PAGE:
As Planet42 focuses on car ownership to advance what it calls the “democratization of mobility”, OX, a new truck company in Rwanda’s Western Province, is helping small business owners with everything move, from cows to coffins.

Launched in March 2021, OX allows customers to rent a seat in one of their eight trucks on a pay-as-you-go basis, all coordinated through a driver-managed app.

For many OX customers, the previous options for moving their stock were bicycles, donkeys, or porters, which limited the quantity and speed at which they could sell.

The company has won more than 300 customers since launch and is growing 40% month-on-month in revenue and volume, chief executive Simon Davis said, adding that one customer – a pet food supplier – has tripled his sales since he started using the service.

“If you move stuff, you make more money,” Davis said. “If you make more money, you can afford to access health care, send your kids to school, take care of yourself…all by-products of economic progress.”


As in the rest of the world, mobile phone usage is increasing in Africa, leading to an increase in apps designed to help people get around their cities safely and affordably.

By the end of 2020, more than 45% of the population in sub-Saharan Africa had subscribed to mobile services, with nearly 20 million people having signed up the previous year, according to telecommunications lobby group GSMA.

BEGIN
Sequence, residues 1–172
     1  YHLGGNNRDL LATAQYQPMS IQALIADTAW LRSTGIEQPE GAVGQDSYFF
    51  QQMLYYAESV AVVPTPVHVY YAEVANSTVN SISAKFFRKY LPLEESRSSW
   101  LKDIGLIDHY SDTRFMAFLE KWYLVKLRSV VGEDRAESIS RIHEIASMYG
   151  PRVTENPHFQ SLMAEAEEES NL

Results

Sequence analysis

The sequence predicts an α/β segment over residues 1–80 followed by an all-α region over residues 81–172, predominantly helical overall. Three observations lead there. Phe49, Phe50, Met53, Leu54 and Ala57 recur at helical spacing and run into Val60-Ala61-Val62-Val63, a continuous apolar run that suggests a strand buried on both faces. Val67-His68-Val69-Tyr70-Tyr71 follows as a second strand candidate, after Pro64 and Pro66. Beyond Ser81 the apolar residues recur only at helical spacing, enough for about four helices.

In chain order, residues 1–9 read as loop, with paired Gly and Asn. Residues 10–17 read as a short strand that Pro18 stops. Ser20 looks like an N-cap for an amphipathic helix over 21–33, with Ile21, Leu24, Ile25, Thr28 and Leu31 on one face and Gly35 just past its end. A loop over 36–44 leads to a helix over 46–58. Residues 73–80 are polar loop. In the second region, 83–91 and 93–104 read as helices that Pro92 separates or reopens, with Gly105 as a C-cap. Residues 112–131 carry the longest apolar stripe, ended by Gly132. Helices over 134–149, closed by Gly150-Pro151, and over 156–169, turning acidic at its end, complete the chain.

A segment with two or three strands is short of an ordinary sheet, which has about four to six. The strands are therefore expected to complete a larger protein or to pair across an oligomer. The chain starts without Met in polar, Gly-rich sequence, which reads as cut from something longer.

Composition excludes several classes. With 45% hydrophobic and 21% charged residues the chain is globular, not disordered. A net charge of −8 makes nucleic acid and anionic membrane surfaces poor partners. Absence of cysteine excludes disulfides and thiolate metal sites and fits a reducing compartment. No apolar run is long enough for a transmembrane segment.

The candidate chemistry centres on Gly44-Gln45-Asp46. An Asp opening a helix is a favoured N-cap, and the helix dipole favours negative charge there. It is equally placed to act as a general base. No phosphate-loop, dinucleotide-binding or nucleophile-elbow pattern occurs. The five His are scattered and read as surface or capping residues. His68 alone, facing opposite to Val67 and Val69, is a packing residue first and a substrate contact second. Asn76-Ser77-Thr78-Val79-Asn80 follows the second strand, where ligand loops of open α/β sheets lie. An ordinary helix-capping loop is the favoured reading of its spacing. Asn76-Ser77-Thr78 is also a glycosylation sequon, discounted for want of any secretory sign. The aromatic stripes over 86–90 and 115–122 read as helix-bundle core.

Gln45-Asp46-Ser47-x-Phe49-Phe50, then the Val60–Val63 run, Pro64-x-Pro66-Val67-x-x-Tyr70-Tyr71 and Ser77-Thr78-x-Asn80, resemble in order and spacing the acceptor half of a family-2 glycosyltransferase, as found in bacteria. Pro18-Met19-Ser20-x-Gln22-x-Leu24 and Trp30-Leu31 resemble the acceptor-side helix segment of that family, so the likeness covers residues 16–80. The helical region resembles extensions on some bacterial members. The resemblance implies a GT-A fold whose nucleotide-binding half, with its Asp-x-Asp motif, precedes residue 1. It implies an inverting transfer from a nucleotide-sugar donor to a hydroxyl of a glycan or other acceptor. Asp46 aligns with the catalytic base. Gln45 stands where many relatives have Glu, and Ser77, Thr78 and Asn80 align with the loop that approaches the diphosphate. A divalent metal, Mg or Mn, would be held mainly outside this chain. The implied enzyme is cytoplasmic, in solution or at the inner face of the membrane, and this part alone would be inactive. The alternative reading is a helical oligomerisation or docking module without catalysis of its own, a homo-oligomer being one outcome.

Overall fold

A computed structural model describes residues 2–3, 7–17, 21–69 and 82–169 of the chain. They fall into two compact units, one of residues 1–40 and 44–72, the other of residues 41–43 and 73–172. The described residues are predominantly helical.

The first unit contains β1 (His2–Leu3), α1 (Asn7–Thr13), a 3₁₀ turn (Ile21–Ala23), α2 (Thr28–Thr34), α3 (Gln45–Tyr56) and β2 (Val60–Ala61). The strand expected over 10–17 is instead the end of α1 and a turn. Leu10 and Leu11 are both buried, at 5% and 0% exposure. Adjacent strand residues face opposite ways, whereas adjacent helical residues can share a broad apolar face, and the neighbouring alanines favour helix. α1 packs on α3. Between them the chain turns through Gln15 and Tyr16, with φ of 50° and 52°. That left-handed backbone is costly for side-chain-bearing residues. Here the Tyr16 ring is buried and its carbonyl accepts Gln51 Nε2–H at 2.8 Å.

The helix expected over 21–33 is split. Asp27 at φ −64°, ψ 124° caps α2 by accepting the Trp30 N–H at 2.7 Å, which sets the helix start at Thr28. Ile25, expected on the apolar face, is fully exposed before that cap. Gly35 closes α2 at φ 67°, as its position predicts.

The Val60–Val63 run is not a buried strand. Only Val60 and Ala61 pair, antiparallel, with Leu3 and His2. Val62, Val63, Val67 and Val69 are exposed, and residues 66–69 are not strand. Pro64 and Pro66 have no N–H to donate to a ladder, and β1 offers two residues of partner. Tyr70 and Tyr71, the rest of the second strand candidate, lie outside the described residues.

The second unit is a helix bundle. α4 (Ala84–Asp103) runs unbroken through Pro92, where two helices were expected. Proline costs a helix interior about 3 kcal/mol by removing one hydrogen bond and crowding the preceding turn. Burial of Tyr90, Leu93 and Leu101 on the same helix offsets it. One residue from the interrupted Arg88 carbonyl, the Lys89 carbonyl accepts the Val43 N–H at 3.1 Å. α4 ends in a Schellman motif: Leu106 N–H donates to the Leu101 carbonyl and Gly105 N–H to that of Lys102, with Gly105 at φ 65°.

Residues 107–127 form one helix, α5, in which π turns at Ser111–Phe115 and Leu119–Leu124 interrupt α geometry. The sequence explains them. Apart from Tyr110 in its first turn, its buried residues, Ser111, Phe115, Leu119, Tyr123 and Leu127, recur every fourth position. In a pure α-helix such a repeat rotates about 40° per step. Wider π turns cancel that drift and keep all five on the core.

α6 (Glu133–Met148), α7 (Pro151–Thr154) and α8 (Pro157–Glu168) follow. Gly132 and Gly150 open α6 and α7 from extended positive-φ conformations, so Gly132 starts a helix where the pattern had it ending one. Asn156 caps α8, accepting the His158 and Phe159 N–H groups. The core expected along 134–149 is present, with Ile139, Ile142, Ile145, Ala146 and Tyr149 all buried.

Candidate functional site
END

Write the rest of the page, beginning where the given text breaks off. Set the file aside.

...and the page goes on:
“We are seeing a massive increase in carpooling platforms for cars and motorcycle taxis,” said Sam Clark, program manager at transport charity Transaid.

In Uganda, where a study published in the journal Transportation Planning and Technology estimates there are half a million motorbikes and three-wheeled taxis, SafeBoda uses an app to connect commuters with trained and reliable drivers.

Female drivers interviewed by the researchers said they felt safer not having to negotiate prices with drivers and being able to identify and track their journey on the app.

But tech fixes aren’t a silver bullet, Clark warned, citing poor connectivity in rural areas and noting that half of Africa’s population still doesn’t have access to a smartphone.

More work needs to be done to make regular public transport more accessible to all, he said – and that includes more investment in infrastructure and more women in leadership positions.

“Many decisions about service delivery are made by men, for men,” said Clark, whose work at Transaid includes efforts to build female leadership in transport.

“As more women participate in the decision-making process, more attention will be given to the needs of women as passengers.”

For nurse Matjila, completing this online application means she can now choose to be a passenger or drive her own car, which has made her feel safer, increased her income and spent more time with his family.

“To be honest, it changed my life,” she said.